Electronic stepping stones: a mosaic metaphor for the production and re-distribution of skill in electronic mode.
In: 19th EGOS Colloquium: Organization Analysis Informing Social and Global Development, 5-7 Jul 2003, Copenhagen, Denmark.
The journey towards the global production and redistribution of skills in the electronic mode has been made along a number of key stepping stones. This paper examines the current form of global production and the role of information and communication technologies in enabling the close management of distributed resources: real time global monitoring of distributed activity transforms traditional principal/agent relationships. The real time remote control of distributed resources is a new institutional competence, however, the development of distributed resources as an institutional strategy is an older competence.
The paper traces the distributed resource mode of production to strategic innovations made in preparation for the Second World War: the U.K. wartime Shadow Factory programme and its U.S. equivalent. The U.K. programme deliberately distributed resources to protect against the wipe out of centralised resources by the enemy. A detailed account of the programme has been provided elsewhere. Post war this approach of distributed resources, ie shadow facilities, was used by major industrial concerns such as Ford to protect against disruption by trades unions and, indeed, sovereign states.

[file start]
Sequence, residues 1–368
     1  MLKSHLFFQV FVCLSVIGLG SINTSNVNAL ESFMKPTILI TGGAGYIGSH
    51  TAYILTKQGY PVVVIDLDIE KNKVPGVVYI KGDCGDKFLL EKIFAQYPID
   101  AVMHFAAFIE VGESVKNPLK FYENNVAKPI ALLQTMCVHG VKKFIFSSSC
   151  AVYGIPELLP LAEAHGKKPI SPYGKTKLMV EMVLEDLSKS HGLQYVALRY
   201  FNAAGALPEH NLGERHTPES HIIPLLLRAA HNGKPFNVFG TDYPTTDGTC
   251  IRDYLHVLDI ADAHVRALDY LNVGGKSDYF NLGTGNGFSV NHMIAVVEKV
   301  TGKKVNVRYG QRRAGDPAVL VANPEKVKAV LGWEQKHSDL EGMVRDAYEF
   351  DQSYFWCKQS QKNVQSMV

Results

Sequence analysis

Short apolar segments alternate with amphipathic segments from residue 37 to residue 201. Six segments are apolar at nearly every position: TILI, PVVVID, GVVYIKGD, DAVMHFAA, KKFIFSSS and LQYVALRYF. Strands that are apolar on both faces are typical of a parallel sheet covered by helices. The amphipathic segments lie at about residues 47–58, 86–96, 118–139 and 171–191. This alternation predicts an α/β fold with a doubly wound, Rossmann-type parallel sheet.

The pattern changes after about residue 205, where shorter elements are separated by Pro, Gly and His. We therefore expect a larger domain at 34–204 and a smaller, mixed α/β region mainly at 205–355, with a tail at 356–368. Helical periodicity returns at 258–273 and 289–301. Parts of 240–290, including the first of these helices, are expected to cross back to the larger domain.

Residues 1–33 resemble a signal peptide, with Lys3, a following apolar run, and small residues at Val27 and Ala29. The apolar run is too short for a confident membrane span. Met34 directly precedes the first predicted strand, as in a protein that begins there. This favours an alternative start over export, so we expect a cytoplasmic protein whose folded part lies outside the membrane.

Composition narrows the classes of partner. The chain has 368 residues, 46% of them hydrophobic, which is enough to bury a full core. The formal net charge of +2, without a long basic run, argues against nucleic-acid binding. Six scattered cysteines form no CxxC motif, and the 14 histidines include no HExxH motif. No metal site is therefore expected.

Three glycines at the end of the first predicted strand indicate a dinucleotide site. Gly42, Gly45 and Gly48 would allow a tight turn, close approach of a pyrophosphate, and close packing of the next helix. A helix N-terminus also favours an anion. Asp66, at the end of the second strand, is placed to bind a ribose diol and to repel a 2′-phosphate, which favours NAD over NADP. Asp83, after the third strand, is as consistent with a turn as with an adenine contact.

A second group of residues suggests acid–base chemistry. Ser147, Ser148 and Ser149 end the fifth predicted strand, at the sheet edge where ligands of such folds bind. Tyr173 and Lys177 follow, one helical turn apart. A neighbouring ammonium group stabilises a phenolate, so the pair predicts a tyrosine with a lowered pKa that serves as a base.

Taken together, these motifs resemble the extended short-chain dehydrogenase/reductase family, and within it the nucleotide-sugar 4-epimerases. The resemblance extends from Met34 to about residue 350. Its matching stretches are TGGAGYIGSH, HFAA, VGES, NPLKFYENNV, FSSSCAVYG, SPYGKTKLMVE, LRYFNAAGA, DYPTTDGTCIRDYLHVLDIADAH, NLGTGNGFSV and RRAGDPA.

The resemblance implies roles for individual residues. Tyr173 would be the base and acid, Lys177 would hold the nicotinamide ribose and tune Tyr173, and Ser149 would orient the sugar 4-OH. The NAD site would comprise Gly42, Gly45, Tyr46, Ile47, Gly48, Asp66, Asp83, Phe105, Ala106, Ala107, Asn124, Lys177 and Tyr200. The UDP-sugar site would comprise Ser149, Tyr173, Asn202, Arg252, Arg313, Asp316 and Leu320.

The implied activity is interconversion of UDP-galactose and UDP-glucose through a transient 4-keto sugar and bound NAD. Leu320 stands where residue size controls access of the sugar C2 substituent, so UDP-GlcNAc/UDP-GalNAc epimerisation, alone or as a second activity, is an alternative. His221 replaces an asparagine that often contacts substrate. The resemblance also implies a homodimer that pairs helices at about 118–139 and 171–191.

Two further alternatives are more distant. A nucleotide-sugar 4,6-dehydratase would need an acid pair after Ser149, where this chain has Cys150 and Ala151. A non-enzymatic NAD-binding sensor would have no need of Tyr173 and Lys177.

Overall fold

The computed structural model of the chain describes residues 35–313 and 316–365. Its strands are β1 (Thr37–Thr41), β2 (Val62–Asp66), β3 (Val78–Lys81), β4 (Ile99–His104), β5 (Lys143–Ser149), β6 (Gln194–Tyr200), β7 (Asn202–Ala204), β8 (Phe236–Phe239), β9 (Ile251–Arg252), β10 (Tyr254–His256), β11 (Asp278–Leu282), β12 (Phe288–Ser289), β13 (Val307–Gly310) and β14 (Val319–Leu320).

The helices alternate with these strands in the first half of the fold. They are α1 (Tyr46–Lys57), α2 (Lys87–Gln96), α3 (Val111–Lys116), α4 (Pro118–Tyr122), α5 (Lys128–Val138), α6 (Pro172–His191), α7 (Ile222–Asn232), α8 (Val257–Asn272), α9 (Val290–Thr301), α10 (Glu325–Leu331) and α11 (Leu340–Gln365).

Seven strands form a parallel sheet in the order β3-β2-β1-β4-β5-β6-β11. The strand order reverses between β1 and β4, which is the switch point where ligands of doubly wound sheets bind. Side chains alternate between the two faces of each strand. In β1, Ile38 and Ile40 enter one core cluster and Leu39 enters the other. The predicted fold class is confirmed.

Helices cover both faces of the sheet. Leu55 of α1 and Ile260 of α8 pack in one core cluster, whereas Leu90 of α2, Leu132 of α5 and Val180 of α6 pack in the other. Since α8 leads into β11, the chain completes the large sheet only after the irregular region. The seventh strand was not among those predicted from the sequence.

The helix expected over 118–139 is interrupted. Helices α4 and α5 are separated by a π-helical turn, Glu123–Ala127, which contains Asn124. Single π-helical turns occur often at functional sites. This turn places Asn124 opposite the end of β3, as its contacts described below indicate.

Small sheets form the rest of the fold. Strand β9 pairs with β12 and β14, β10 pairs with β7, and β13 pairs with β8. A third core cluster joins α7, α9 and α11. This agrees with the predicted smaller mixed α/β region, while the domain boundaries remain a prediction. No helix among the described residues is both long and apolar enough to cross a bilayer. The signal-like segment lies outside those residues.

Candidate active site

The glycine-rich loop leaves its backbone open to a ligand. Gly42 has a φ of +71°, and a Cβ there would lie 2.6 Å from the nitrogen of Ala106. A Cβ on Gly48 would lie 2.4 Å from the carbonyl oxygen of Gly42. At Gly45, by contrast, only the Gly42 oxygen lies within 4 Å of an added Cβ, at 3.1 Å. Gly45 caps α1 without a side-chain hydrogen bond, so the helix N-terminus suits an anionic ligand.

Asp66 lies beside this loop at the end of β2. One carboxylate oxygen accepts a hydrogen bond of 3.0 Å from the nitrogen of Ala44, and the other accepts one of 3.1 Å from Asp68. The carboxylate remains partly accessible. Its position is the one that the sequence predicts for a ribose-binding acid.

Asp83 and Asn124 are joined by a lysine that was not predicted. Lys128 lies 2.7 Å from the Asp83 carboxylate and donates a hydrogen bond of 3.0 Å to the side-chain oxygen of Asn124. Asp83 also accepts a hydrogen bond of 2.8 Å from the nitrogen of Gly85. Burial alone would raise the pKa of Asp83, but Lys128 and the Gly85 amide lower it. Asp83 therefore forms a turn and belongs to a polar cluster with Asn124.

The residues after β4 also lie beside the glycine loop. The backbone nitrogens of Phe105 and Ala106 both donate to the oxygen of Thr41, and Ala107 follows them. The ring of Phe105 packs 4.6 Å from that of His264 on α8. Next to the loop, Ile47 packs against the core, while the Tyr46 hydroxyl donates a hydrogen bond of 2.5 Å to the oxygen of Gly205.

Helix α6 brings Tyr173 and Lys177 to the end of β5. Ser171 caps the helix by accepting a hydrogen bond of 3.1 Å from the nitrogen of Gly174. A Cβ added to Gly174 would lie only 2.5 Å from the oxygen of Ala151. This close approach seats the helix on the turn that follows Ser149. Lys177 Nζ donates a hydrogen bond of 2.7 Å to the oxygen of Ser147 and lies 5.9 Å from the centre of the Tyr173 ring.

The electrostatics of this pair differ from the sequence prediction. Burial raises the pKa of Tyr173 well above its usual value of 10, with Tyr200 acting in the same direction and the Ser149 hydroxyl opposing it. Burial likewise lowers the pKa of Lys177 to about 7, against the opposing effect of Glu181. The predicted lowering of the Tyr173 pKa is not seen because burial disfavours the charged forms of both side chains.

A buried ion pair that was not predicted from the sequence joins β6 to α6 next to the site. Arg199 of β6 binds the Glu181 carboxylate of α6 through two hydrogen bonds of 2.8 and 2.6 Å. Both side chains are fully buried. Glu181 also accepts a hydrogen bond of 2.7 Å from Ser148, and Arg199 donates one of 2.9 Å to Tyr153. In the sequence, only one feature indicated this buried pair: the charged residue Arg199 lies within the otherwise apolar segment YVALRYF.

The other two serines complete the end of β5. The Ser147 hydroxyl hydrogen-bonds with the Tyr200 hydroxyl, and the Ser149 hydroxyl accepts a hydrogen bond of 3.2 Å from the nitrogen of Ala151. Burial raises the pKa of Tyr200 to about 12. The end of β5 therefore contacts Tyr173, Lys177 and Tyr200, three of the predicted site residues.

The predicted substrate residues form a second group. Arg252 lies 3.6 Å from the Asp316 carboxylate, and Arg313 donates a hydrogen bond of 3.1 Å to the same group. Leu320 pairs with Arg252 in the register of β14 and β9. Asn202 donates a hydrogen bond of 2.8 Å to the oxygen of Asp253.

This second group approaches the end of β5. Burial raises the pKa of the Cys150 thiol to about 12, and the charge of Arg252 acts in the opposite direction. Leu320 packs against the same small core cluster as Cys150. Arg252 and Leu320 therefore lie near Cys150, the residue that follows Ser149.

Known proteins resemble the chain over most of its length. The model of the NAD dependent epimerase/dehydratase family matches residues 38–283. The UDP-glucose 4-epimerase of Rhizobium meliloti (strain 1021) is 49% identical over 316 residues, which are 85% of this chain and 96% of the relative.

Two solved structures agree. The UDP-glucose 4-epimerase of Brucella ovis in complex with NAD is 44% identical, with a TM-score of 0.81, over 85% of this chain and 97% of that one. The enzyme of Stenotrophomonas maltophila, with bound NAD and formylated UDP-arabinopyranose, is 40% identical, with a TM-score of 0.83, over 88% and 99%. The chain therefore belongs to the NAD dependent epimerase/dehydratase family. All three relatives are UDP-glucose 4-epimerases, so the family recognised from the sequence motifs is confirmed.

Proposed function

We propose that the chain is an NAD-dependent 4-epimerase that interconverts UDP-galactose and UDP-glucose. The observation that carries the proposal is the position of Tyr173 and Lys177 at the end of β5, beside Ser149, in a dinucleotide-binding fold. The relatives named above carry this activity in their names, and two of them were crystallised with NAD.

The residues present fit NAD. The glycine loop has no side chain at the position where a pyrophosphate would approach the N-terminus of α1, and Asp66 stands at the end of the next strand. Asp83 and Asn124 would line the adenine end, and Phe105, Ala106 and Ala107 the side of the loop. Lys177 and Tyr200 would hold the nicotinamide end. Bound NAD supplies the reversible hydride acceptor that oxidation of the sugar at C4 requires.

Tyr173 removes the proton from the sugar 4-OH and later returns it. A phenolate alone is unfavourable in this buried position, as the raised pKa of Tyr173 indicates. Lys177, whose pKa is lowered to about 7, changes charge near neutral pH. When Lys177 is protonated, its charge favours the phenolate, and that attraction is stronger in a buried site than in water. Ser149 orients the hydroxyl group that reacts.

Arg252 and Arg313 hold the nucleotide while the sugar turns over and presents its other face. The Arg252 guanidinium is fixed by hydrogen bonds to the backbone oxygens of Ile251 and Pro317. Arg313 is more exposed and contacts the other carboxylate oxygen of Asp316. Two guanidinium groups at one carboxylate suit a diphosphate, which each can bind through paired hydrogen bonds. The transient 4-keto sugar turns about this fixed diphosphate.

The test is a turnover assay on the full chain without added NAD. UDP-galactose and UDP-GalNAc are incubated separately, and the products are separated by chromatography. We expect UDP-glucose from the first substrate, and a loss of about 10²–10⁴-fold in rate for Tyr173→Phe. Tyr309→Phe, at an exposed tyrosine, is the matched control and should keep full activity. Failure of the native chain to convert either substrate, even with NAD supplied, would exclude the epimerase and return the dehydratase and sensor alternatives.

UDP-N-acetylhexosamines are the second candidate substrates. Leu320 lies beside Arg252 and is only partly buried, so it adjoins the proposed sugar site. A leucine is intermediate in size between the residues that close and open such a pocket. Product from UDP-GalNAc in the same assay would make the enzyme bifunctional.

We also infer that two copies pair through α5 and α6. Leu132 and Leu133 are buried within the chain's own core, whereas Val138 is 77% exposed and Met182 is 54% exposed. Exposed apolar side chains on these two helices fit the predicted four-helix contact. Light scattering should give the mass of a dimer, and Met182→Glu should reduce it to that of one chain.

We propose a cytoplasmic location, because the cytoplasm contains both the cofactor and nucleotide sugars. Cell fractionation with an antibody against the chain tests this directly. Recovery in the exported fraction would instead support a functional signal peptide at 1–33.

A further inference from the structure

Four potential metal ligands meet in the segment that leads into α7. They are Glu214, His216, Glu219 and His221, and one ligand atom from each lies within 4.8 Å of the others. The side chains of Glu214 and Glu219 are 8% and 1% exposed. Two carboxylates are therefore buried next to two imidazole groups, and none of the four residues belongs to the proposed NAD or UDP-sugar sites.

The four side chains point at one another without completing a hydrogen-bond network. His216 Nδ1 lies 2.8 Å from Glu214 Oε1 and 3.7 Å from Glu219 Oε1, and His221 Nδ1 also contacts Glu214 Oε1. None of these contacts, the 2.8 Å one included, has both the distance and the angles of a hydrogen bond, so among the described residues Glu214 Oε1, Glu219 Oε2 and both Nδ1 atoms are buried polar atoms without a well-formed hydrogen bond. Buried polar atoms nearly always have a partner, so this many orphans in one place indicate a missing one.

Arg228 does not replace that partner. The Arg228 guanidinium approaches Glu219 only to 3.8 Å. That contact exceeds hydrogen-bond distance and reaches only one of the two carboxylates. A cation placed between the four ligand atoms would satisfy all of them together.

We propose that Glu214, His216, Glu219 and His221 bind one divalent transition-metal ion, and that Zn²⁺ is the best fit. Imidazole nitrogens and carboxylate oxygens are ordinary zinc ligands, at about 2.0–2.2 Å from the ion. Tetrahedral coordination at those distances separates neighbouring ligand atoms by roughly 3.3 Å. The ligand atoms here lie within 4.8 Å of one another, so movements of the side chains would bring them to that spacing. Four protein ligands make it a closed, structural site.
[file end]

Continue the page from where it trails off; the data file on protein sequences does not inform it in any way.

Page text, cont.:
Since the development of shadow facility strategies by multi-nationals, without doubt new developments in information and communication technology for the detailed remote control of distributed facilities have emerged. The development of much of the technology used routinely within the global industrial system is the outcome of military priorities and consequent technological research, most particularly satellite technology and global positioning technology: the latter was used intensively for the first time in the first Gulf War.
However, the technologies which have enabled military and managerial surveillance of distributed resources also, paradoxically, enable the communities so scrutinised to develop their own distributed strategies and patterns of relationships with external parties. The shadowed are able to shadow their shadowers. Furthermore, ICTs allow anybody from any point to collect together global information resources which permit not only the shadowing of the present, but also enable the shadowing of the past: strategies which were historically concealed and are now rendered transparent and available for all to see. All parties, powerful and traditionally powerless, are within the position of social enclosure through the technologically enabled transparency of both past and present action.
Knowledge structures are now no longer fixed by historic patterns of past publication and concealment of histories but are a constantly re-assembling mosaic of newly available tiles of history and identity. Our discourse now is shaped by the tiles of distributed archiving and distributed discourse rather than set in the stone of priest, academy and authority.
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